Systematic Review of Clinical Decision Support Interventions with Potential for Inpatient Cost Reduction
June 7, 2013, 9:00 am
HSEB 5750C (BMI Conference Room)
Chris Fillmore is a postdoctoral fellow in Biomedical Informatics at the University of Utah. Prior to his fellowship, he practiced aerospace medicine in the United States Air Force.
Faculty Advisory Committee:
Kensaku Kawamoto, MD, PhD; Bruce Bray, MD; Charlene Weir, BS, PhD, RN
Healthcare costs are increasing rapidly and at an unsustainable rate in many countries, and inpatient hospitalizations are a significant driver of these costs. Clinical decision support (CDS) represents a promising approach to not only improve care but to reduce costs in the inpatient setting. The purpose of this study was to systematically review trials of CDS interventions with the potential to reduce inpatient costs, so as to identify promising interventions for more widespread implementation and to inform future research in this area.
To identify relevant studies, MEDLINE was searched up to September 2012. CDS intervention studies with the potential to reduce inpatient healthcare costs were identified through titles and abstracts, and full text articles were reviewed to make a final determination on inclusion. Relevant characteristics of the studies were extracted and summarized.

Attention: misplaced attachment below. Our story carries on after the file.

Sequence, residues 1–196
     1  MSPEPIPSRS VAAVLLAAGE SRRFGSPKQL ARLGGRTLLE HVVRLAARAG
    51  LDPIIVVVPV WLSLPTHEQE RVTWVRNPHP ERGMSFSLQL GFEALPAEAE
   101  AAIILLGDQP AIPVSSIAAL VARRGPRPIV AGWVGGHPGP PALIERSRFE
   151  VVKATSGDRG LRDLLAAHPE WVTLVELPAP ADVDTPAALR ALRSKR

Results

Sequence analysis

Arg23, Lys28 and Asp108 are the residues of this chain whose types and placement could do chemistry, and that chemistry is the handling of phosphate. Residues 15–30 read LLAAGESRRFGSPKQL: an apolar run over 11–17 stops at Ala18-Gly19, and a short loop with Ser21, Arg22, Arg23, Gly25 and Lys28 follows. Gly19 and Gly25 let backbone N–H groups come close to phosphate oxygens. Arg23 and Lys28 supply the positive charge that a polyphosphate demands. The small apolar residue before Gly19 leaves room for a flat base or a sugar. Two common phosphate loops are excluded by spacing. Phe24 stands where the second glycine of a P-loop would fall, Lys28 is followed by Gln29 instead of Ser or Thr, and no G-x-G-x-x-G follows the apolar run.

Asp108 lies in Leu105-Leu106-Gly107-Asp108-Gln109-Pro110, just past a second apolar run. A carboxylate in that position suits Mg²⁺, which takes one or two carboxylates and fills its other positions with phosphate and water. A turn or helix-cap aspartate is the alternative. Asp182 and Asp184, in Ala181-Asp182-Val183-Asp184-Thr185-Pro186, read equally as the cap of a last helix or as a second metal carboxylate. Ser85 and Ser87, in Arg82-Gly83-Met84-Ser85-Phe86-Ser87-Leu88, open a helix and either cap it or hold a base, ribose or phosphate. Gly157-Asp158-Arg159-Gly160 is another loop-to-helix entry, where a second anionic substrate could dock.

Following a screening of 6,978 articles, 60 manuscripts were included. 63.3% of studies were pre-post comparisons, and 13.3% were randomized controlled trials. 56.7% of the studies were focused on pharmacotherapy. The majority of manuscripts were published during or after 2007. 71.7% of the studies resulted in statistically and clinically significant improvements in an explicit financial measure or a proxy financial measure. Only 15% of the studies directly measured the financial impact of an intervention, whereas the financial impact was inferred in the remainder of studies. Data on cost effectiveness was available for only one study.
Significantly more research is required on the impact of clinical decision support on inpatient costs. In particular, there is a remarkable gap in the availability of cost effectiveness studies required by policy makers and decision makers in healthcare systems.